Boldly Building a Silicon Valley in Canada… for Mining – by Joe Lee (Tech – December 1, 2014)

Toronto, Kitchener-Waterloo, Montreal, and Vancouver are all recognized tech clusters in Canada. But the story around a new hub in Sudbury, Ontario can be traced back to a round of golf between Kirk Petroski, the CEO of Symboticware, and Dick DeStefano, the Executive Director of SAMSSA (Sudbury Area Mining Supply and Service Association), where Petroski urged DeStefano to speak to MaRS about mining innovation.

As some VCs and consultants have argued, building the next Silicon Valley means a community should not try to replicate the Valley, but that the community should work towards differentiation and being the best in a specific domain. By all accounts, Greater Sudbury, home to approximately 160,000 and a major producer of nickel, is on its way to becoming the Silicon Valley of underground mining technology.

While the formation of the cluster may be an anomaly, the growth trajectory and development direction are not. These two points became abundantly clear when DeStefano, a self-professed disciple of Harvard Business School’s Michael Porter’s theories, shared his vision of turning Sudbury into an underground mining ecosystem and his journey as one of the pioneers.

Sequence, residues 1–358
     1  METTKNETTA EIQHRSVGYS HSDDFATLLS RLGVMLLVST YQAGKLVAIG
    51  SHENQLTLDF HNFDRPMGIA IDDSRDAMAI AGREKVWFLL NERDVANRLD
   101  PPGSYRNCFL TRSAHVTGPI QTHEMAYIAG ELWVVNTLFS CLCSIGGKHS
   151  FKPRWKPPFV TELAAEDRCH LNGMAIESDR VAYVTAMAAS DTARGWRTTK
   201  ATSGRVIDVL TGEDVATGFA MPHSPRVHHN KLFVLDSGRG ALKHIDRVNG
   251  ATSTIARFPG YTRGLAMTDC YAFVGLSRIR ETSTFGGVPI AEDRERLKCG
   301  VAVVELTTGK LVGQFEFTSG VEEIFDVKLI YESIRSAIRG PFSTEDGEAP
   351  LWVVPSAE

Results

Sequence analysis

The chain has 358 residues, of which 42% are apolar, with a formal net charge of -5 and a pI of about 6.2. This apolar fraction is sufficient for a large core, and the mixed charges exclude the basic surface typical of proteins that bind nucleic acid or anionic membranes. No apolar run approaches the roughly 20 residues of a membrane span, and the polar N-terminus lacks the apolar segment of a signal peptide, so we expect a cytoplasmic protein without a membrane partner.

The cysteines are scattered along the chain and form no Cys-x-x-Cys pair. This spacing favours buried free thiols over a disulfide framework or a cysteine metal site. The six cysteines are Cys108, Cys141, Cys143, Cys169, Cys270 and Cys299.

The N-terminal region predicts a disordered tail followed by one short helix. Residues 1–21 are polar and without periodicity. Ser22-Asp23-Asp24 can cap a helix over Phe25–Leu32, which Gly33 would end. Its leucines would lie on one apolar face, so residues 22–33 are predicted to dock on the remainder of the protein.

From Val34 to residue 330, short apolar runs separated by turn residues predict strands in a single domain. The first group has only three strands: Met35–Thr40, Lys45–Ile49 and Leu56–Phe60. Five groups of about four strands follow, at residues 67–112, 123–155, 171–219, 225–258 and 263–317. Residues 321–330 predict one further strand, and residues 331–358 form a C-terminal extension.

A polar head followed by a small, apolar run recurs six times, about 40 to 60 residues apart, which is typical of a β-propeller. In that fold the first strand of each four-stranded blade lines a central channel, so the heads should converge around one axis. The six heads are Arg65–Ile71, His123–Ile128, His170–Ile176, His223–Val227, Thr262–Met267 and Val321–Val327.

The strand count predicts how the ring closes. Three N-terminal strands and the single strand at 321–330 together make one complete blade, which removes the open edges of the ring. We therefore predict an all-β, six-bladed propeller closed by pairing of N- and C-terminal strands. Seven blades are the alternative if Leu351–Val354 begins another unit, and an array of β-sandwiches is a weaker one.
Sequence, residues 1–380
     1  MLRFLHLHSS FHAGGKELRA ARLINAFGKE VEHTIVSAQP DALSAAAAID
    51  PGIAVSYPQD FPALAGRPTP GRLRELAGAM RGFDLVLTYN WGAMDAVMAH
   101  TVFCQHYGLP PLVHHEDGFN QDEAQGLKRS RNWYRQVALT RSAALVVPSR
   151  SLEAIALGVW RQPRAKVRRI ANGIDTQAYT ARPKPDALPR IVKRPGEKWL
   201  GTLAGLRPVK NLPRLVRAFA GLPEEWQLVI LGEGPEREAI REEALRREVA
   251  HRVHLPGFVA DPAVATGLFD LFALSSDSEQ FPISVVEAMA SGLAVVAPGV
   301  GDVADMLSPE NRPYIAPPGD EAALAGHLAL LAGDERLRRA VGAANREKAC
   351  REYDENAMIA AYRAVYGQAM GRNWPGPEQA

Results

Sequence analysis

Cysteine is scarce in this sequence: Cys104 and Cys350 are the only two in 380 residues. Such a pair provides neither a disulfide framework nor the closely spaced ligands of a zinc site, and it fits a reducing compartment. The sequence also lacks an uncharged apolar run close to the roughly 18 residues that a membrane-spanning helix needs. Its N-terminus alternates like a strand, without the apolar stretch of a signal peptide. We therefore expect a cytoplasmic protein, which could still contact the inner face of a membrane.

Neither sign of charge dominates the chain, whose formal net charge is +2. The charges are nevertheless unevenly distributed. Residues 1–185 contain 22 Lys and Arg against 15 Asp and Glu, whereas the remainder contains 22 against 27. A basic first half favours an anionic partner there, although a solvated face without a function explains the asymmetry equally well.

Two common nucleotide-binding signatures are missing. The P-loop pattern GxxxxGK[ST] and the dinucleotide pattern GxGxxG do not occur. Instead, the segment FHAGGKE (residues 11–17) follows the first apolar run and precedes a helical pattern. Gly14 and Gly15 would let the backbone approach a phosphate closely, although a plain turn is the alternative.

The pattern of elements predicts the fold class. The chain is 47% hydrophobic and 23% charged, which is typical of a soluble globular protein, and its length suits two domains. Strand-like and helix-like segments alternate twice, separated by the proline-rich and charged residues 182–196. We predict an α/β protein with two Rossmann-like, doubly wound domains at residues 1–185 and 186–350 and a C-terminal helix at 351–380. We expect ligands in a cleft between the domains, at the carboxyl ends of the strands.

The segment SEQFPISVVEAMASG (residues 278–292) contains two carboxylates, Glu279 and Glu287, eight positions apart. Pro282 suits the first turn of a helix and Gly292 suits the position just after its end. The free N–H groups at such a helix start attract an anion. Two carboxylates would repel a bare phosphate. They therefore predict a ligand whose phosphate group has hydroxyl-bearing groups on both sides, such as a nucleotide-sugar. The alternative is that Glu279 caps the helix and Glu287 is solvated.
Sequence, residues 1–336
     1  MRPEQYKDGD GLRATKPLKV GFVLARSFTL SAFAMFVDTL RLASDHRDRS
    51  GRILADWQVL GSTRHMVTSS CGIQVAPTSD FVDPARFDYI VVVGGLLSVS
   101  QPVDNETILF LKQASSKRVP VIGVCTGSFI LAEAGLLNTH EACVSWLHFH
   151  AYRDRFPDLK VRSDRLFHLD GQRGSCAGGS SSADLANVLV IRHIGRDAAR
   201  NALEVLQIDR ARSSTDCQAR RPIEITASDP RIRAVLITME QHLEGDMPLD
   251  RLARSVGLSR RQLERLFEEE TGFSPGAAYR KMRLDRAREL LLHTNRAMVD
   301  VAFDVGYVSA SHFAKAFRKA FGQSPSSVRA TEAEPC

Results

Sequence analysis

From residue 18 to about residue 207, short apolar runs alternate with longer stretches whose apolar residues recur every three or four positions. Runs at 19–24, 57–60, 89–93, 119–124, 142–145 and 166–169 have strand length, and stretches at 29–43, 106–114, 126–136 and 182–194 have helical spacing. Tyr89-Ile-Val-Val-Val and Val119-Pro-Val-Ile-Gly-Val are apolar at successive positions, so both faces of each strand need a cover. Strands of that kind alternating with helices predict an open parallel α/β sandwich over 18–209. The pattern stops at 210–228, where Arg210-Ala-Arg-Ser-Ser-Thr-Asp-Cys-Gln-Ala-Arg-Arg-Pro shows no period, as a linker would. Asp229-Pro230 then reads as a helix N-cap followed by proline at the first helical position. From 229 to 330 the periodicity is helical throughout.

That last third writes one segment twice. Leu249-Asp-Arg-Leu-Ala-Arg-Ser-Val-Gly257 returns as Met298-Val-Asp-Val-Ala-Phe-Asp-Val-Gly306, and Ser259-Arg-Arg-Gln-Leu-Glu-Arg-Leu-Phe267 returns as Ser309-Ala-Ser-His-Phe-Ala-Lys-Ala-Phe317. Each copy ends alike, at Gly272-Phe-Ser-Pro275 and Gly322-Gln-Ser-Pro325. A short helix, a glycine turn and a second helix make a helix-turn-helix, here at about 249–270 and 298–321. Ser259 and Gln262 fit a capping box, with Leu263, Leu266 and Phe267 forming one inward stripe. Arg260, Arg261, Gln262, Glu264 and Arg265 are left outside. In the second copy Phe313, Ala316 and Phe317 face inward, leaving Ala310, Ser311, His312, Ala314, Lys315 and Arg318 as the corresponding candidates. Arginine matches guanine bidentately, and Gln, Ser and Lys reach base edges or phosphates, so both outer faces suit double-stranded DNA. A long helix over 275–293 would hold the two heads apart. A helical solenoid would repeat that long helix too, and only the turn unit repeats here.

Builders, Leaders and Feeders

“In 2001, I took myself out of retirement, researched the Sudbury community, and looked at companies. I tracked them down and invited them to get together. Only six people showed up to first meeting,” DeStefano recounts the early days of his mission to focus Sudbury’s talent and energy in mining supply and technology.

Of those six people, two left early saying it would never work, but the rest said they were willing to help and the community grew from there. Eventually, SAMSSA was formed with a mission to provide the most innovative mining supply/products/services to the world. The impact has spilled over to neighbouring cities such as Timmins, North Bay, and the rest of Northern Ontario. Today SAMSSA has 130 corporate members.

The work of DeStefano and other leaders in the past decade illustrates Brad Feld’s recommendations on how to build a startup community. Sudbury’s support systems for mining innovation and entrepreneurship are strong:

  • A total of 9 research institutes related to mining (e.g., CEMI, CAMIRO, MIRARCO);
  • A total of 75 programs from colleges directly related to mining;
  • The new school Goodman School of Mines at Laurentian University;
  • NORCAT, led by former MaRS executive Don Duval, as part of the Ontario Network of Entrepreneurs (ONE), featuring the Underground Technology Testing, Training, and Innovation Centre (for validating mining technology) and entrepreneurial programs (for educating and grooming next-generation entrepreneurs);
  • Both Glencore Xstrata and Vale, global mining companies

For the rest of this article, click here: